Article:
This feature is designed to spark your interest in researching the world of capoeira's vocabulary, history, and philosophy.
Our Capoeira Wiki-Word series invites you to research the word of the week and post your definition(s) and translations. At the end of each week, the entries will be reviewed and then summarized into a translation and a definition of the Capoeira Wiki-Word of the week.
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This week's Capoeira Wiki-Word is:
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Angola, officially the Republic of Angola (Portuguese: República de Angola, pronounced: [ʁɨˈpublikɐ dɨ ɐ̃ˈɡɔla];Kikongo, Kimbundu, Umbundu: Repubilika ya Ngola), is a country in Southern Africa bordered by Namibia on the south, the Democratic Republic of the Congo on the north, and Zambia on the east; its west coast is on the Atlantic Ocean with Luanda as its capital city. The exclave province of Cabinda has borders with the Republic of the Congo and the Democratic Republic of the Congo.
The Portuguese were present in some—mostly coastal—points of the territory of what is now Angola, from the 16th to the 19th century, interacting in diverse ways with the peoples that lived there. In the 19th century they slowly and hesitantly began to establish themselves in the interior. Angola as a Portuguese colony encompassing the present territory was not established before the end of the 19th century, and "effective occupation", as required by the Berlin Conference (1884) was achieved only by the 1920s. Independence was achieved in 1975, after a protracted liberation war.
Capoeira Angola refers to every capoeira that keeps the traditions held before the creation of the Regional style.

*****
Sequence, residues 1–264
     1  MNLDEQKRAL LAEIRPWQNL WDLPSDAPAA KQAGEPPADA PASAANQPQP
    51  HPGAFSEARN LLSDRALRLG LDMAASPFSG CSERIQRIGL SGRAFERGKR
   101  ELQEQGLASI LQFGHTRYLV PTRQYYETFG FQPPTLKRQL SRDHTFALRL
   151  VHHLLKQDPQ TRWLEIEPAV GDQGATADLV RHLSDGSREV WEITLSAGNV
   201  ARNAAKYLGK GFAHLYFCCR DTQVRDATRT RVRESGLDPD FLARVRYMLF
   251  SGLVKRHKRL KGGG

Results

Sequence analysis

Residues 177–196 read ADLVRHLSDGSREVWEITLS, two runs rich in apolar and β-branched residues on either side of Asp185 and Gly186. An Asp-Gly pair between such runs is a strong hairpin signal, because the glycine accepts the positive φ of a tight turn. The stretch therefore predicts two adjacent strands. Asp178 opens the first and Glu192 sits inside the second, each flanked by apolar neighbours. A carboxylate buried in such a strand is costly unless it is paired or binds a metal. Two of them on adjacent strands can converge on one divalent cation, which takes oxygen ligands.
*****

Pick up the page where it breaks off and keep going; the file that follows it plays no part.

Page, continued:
Existing in many parts of Brazil since colonial times, most notably in the cities of Rio de Janeiro, Salvador and Recife, it's impossible to tell where and when Capoeira Angola began taking its present form. The name Angola starts as early as the beginning of slavery in Brazil, when Africans, taken to Luanda to be shipped to the Americas, were called in Brazil black people from Angola, regardless of their nationality. In some places of Brazil people would call capoeira as playing Angola and, according to Mestre Noronha, the Capoeira school Centro de Capoeira Angola Conceição da Praia, created in Bahia, already used the name Capoeira Angola illegally in the beginning of the 1920 decade.
The name Angola was finally immortalized by Mestre Pastinha at February 23, 1941, when he opened the Centro Esportivo de capoeira Angola (CECA). Pastinha preferred the ludic aspects of the game rather than the martial side, and was much respected by recognized Capoeira masters. Soon many other masters would adopt the name Angola, even those who would not follow Pastinha's style.
The ideal of Capoeira Angola is to maintain Capoeira as close to its roots as possible. Characterized by being strategic, with sneaking movements executed standing or near the floor depending on the situation to face, it values the traditions of malícia, malandragem and unpredictability of the original Capoeira.
Typical music bateria formation in a roda of Capoeira Angola is three berimbaus, two pandeiros, one atabaque, one agogô and one ganzuá.